«THE CONTEMPT POWER: A SWORD OR A SHIELD? A STUDY OF THE LAW AND PRACTICE OF CONTEMPT OF COURT IN MALAYSIA. MOHD-SHERIFF, SHUKRIAH How to cite: THE ...»
THE CONTEMPT POWER: A SWORD OR A
SHIELD? A STUDY OF THE LAW AND
PRACTICE OF CONTEMPT OF COURT IN
How to cite:
THE CONTEMPT POWER: A SWORD OR A SHIELD? A
MOHD-SHERIFF, SHUKRIAH (2010)
STUDY OF THE LAW AND PRACTICE OF CONTEMPT OF COURT IN MALAYSIA., Durhamtheses, Durham University. Available at Durham E-Theses Online: http://etheses.dur.ac.uk/536/ Use policy The full-text may be used and/or reproduced, and given to third parties in any format or medium, without prior permission or
charge, for personal research or study, educational, or not-for-prot purposes provided that:
a full bibliographic reference is made to the original source • a link is made to the metadata record in Durham E-Theses • the full-text is not changed in any way • The full-text must not be sold in any format or medium without the formal permission of the copyright holders.
Please consult the full Durham E-Theses policy for further details.
Academic Support Oce, Durham University, University Oce, Old Elvet, Durham DH1 3HP e-mail: firstname.lastname@example.org Tel: +44 0191 334 6107 http://etheses.dur.ac.uk
THE CONTEMPT POWER: A SWORD OR ASHIELD? – A STUDY OF THE LAW AND
PRACTICE OF CONTEMPT OF COURT INMALAYSIA.
SHUKRIAH MOHD SHERIFF
A DOCTORAL THESIS SUBMITTED TO DURHAM UNIVERSITY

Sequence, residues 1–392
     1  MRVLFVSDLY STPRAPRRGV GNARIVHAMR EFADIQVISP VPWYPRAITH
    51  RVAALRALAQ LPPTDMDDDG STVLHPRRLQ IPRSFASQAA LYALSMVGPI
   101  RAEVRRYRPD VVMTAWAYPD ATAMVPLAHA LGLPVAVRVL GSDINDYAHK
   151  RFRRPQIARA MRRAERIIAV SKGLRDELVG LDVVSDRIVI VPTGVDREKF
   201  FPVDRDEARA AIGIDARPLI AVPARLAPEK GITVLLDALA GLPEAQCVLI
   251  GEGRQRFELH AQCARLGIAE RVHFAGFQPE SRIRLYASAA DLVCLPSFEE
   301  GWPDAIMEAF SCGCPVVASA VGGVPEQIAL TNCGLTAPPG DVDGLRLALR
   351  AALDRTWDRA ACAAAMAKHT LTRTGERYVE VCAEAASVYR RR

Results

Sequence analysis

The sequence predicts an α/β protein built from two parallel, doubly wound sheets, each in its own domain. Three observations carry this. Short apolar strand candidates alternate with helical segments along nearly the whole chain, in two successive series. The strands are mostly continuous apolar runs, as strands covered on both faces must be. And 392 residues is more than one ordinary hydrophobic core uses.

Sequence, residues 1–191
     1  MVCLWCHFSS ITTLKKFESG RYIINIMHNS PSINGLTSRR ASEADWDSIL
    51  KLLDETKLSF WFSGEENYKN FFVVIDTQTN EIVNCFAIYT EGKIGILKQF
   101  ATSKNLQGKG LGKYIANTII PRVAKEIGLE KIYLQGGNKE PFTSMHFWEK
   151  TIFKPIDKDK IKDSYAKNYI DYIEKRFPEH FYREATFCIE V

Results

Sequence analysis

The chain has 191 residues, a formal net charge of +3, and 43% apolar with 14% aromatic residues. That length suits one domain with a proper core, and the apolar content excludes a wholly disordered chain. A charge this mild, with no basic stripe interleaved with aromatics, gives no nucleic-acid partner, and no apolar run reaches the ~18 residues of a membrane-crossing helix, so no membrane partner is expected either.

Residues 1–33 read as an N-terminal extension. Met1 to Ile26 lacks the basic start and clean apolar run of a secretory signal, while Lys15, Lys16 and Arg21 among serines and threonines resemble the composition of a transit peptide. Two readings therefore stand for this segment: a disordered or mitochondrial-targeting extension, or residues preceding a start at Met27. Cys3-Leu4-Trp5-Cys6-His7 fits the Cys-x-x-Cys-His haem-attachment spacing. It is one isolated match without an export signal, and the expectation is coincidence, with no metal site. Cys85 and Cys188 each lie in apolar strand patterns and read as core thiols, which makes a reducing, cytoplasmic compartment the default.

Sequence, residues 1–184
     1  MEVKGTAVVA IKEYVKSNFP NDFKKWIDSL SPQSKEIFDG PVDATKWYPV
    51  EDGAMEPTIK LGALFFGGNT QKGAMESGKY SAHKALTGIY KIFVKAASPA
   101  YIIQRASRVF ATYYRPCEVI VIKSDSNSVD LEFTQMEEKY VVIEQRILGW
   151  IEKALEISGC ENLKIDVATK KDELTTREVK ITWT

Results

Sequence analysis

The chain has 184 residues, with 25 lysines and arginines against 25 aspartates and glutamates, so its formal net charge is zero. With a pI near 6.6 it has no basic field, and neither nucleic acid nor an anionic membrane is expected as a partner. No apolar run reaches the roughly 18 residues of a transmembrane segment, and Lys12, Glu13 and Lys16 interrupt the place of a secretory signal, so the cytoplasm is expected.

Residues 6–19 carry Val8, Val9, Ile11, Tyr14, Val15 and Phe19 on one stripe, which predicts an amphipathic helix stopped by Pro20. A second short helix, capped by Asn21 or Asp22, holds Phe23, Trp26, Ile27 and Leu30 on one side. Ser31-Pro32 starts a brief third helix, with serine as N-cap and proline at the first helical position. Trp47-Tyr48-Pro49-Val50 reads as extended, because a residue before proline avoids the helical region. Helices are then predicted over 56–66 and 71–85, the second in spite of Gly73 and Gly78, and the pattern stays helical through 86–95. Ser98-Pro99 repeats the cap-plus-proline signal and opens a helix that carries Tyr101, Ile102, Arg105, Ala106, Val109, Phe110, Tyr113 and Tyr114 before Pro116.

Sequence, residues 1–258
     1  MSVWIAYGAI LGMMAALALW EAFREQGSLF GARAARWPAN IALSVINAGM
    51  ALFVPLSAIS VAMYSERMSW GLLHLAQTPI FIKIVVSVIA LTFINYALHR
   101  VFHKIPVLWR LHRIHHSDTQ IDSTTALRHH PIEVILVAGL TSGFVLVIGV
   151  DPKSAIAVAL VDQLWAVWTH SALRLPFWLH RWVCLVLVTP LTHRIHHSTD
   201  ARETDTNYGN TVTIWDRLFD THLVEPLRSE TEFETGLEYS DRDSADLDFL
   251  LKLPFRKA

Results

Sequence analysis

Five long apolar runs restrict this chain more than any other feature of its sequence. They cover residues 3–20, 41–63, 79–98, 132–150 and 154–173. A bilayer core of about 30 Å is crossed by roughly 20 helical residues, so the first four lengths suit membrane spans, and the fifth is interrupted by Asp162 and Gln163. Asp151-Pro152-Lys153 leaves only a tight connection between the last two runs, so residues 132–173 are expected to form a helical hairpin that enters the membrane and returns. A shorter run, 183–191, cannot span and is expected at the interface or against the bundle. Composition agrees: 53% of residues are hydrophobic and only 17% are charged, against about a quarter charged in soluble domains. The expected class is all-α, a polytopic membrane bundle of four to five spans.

IN PARTIAL FULFILMENT OF THE REQUIREMENTS FOR THE
AWARD OF THE DEGREE OF DOCTOR OF PHILOSOPHY(LAW) Dedication
To my dearest parents:
The Late Dato’ Hj. Mohd Sheriff Puteh & Hajjah Wan Sepiah Wan Ibrahim For giving all the love, support and encouragement throughout the duration of my studies
To my beloved husband:
Muhammad Syahmi Mohd Karim For your love, sacrifices, support and tolerance given whilst you were also struggling with your Ph.D
To my dearest daughters:
Hanan Afiqah Muhammad Syahmi Hanan Insyirah Muhammad Syahmi For all the love and understanding given whilst I was completing my thesis. Indeed, they have made my life meaningful during my academic journey in Durham.
ACKNOWLEDGEMENTAlhamdulillah, all praise to Allah, the most gracious and the most merciful for the guidance and blessing in realising my goal to achieve this success in my studies.
The process of accomplishing this thesis has gone through numerous challenges in which many parties have been involved directly or indirectly in giving assistance, support and encouragement. I wish to express my utmost gratitude to all of them for their willingness to assist me in the process of completing this thesis.
In researching this rather complicated area of law, I had the exceptional privilege of having Professor Michael Bohlander as my main supervisor. His wide interest and experience have been particularly helpful in tackling the problems I encountered during the course of this thesis writing. The encouragement he generously gave me at every stage of this work made the whole task extremely interesting. I am indebted to him for his source of motivation and continuous support. The amount of knowledge and experience that I gained is invaluable. Professor Ian Leigh as my second supervisor also deserves similar appreciation and gratitude for his help, guidance and encouragement. I am also indebted to him. I am also thankful to the staff of Durham Law School for their help.
It is also my pleasure to dedicate my special thanks and appreciation to my sponsors – International Islamic University Malaysia and the Government of Malaysia for giving all the financial support throughout the duration of my studies.
Most of all, my special gratitude to all my family members especially to my husband;
Muhammad Syahmi, my daughters; Hanan Afiqah and Hanan Insyirah, my mother;